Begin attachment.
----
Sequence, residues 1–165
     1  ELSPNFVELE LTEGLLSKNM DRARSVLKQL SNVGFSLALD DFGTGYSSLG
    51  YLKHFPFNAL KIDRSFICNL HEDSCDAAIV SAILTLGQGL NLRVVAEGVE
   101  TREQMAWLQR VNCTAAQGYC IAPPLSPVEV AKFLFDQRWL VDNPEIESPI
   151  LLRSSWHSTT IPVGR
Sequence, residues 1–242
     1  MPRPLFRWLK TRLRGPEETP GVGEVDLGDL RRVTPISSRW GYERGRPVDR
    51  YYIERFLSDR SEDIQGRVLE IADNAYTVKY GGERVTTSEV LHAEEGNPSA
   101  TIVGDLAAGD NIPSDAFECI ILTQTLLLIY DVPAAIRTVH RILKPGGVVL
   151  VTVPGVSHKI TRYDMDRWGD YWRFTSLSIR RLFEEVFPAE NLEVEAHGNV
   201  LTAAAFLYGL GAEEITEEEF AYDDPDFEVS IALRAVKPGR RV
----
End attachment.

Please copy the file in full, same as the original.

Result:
Sequence, residues 1–165
     1  ELSPNFVELE LTEGLLSKNM DRARSVLKQL SNVGFSLALD DFGTGYSSLG
    51  YLKHFPFNAL KIDRSFICNL HEDSCDAAIV SAILTLGQGL NLRVVAEGVE
   101  TREQMAWLQR VNCTAAQGYC IAPPLSPVEV AKFLFDQRWL VDNPEIESPI
   151  LLRSSWHSTT IPVGR
Sequence, residues 1–242
     1  MPRPLFRWLK TRLRGPEETP GVGEVDLGDL RRVTPISSRW GYERGRPVDR
    51  YYIERFLSDR SEDIQGRVLE IADNAYTVKY GGERVTTSEV LHAEEGNPSA
   101  TIVGDLAAGD NIPSDAFECI ILTQTLLLIY DVPAAIRTVH RILKPGGVVL
   151  VTVPGVSHKI TRYDMDRWGD YWRFTSLSIR RLFEEVFPAE NLEVEAHGNV
   201  LTAAAFLYGL GAEEITEEEF AYDDPDFEVS IALRAVKPGR RV